Fried my flashlight? Lumintop ODF30

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Lumintop
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liteupmynite wrote:

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I recently purchased a Lumintop ODF30 Flashlight and same battery from Amazon as well. And, made the mistake of installing the battery backwards. After removing the battery, I smelled the smoke too. Light didn’t function after re-installing battery with the proper polarity.


Looking at the manual and flashlight, there doesn’t appear to be any reference to the correct polarity for the battery. It’s been my experience that most flashlight use a spring on the negative poll with few exceptions. I will never make that assumption again. Silly


 


I ended up watching a youtube video about this light to gain insight into how the battery should be installed: https://www.youtube.com/watch?v=RAII-erOb6I&t=261s


I’m under the opinion that this battery does not have reverse polarity protection. Perhaps, if I had I used a protected battery, the flashlight wouldn’t have gotten fried.


 


 


Regret to hear that again Sad
We have learned the lesson that to make the visible notice if there is without reverse polarity protection.
And here we again, to make the notice:
1) To use the battery WITH a PROTECTION CIRCUIT, to prevent reverse battery installation.
2) MAKE SURE the anode side towards the LED side when inserting the battery.
Otherwise, the light, ODF30, would be damaged when reverse installing the battery without a protection circuit.

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BlueSwordM
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Make the notice like this instead:

1. Use a protected 26650 battery to prevent a reverse polarity battery insertion.

2. Put the positive side of the 26650 towards the LED side of the light when inserting the cell.

There is no reverse polarity protection present on the light. Therefore, reverse polarity results in a damaged ODF30.

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Lumintop
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BlueSwordM wrote:
Make the notice like this instead:

1. Use a protected 26650 battery to prevent a reverse polarity battery insertion.

2. Put the positive side of the 26650 towards the LED side of the light when inserting the cell.

There is no reverse polarity protection present on the light. Therefore, reverse polarity results in a damaged ODF30.

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mortuus
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Why does a high output flashlight like this doesent have reverse polarity protection ?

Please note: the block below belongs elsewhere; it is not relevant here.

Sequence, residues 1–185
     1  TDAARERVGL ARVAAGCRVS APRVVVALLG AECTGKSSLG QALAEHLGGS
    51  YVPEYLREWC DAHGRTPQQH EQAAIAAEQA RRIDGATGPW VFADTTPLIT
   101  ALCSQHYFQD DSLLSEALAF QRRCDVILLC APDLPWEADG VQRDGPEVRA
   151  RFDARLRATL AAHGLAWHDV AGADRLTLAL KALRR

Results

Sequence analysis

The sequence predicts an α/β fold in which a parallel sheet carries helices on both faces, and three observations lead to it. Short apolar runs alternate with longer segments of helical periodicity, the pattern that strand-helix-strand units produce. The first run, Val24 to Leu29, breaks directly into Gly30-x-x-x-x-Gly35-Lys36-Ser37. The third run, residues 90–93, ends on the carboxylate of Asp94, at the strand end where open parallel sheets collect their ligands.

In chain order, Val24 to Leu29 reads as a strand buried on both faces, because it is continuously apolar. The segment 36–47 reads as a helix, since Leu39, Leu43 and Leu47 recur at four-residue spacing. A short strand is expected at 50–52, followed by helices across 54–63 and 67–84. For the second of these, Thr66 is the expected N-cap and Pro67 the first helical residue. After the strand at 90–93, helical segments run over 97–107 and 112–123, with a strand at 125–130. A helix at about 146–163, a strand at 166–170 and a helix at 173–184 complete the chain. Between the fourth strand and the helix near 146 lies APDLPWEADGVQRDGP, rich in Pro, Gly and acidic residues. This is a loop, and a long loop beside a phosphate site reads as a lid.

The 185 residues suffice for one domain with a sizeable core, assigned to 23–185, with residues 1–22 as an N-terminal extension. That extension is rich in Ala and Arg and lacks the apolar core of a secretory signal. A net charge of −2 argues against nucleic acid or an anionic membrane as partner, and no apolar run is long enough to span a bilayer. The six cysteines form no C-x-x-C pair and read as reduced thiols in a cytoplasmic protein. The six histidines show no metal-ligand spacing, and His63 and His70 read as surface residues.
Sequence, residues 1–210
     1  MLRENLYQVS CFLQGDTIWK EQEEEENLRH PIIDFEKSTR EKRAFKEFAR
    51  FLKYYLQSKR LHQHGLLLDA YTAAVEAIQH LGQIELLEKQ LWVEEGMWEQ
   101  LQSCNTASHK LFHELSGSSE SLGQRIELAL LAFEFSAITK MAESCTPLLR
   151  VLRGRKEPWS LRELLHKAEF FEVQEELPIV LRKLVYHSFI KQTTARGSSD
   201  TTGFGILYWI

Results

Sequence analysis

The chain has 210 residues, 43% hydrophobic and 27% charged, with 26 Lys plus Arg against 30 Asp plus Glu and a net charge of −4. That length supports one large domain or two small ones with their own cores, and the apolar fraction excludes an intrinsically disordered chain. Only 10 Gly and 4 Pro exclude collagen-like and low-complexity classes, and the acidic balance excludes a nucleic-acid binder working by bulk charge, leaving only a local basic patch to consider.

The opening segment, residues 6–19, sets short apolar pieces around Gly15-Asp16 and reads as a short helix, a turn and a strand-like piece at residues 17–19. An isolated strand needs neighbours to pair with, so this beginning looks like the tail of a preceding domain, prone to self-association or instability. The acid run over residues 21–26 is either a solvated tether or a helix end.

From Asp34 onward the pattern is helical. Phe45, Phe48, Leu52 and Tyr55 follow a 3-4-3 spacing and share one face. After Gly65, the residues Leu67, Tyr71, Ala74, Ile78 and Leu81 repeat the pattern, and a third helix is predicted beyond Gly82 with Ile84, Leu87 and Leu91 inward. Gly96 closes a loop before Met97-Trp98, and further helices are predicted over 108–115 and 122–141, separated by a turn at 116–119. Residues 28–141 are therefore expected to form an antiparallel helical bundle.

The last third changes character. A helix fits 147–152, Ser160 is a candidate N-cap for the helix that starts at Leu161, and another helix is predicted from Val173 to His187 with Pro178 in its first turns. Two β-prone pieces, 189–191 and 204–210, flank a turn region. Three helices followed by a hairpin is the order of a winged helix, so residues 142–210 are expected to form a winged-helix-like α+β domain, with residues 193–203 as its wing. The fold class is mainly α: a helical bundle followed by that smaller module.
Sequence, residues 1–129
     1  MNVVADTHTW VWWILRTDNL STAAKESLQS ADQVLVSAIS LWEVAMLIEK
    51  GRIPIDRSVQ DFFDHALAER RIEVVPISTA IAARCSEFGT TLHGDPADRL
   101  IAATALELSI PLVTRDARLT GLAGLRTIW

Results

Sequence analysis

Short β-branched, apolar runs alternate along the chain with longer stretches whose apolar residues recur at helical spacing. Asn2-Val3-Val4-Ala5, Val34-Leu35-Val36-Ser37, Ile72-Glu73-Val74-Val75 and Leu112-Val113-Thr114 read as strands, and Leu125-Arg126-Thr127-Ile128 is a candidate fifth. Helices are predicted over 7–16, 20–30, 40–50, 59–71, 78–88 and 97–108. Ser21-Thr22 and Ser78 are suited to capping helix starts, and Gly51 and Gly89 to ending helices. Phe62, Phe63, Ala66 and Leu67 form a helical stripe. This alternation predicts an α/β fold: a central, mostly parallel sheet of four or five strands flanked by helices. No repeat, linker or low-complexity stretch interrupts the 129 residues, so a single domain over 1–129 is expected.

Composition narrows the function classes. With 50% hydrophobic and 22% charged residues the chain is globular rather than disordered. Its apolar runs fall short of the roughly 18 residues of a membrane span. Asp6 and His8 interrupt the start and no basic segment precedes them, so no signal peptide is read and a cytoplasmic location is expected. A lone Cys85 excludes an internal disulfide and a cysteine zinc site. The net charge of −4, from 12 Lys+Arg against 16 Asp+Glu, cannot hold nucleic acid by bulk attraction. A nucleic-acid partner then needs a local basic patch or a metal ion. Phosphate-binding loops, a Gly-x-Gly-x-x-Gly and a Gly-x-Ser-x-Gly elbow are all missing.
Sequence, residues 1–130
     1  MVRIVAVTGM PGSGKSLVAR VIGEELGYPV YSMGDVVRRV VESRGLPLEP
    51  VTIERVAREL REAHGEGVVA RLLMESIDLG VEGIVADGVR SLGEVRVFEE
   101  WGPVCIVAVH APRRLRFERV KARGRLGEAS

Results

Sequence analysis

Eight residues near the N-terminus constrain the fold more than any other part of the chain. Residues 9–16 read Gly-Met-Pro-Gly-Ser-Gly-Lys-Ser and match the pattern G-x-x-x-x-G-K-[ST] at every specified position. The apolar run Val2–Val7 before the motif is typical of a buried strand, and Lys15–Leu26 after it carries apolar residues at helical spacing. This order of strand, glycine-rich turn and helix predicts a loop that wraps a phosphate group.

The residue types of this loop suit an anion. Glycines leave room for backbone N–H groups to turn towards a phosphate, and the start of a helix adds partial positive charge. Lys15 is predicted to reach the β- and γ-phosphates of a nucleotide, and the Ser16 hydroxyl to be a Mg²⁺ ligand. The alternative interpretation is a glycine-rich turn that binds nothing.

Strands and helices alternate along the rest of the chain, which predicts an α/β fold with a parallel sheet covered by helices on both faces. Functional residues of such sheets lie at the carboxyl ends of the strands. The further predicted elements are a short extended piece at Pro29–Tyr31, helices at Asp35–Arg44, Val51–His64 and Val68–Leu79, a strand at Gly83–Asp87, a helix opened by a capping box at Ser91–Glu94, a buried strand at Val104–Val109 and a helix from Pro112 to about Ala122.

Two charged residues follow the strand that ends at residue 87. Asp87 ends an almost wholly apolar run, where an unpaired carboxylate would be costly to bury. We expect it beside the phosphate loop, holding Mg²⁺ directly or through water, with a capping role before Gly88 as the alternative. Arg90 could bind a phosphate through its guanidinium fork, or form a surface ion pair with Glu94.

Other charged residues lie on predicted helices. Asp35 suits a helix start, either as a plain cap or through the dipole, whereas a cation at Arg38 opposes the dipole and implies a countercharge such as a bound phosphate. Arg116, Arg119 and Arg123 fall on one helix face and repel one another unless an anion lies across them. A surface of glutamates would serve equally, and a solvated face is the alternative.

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liteupmynite wrote:

I’m new here and this is my first post. Smile


I recently purchased a Lumintop ODF30 Flashlight and same battery from Amazon as well.


What battery did you use?

This one?

As far as I understand it, the reverse polarity protection built into the battery is designed to protect the battery. It’s not designed to protect the flashlight circuitry. So I’m not exactly sure if a protected battery inserted backwards would save the flashlight or not.

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g_sintornillos wrote:
toddcshoe wrote:
I don’t own a light where the positive battery tip goes in the tail cap.

There are
The first one that came to mind: Olight S1 mini


https://www.forolinternas.com/viewtopic.php?f=9&t=14397


That light by the way has a magnetic charger connection on the end cap. That’s why the battery is backwards in it. It is definitely the exception and not the norm for battery direction.

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mortuus wrote:
Why does a high output flashlight like this doesent have reverse polarity protection ?

From post #30.
Lumintop wrote:
Hello Zane,
Regret to hear that and the unhappy purchasing experience happens to you.
Due to the high current output, ODF30 is designed without reverse polarity protection indeed.
So, when inserting the battery, please make sure and make sure that the positive side goes towards the LED, and the negative towards the tail.
Next, we will make a notice about this issue.
Thanks for the supporting. Smile

It’s not a detailed reason, but I probably wouldn’t understand a detailed reason anyway. Lol.

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I have one light where the negative end of the battery gets inserted first. The makers put a very clear label on to light to show the correct orientation.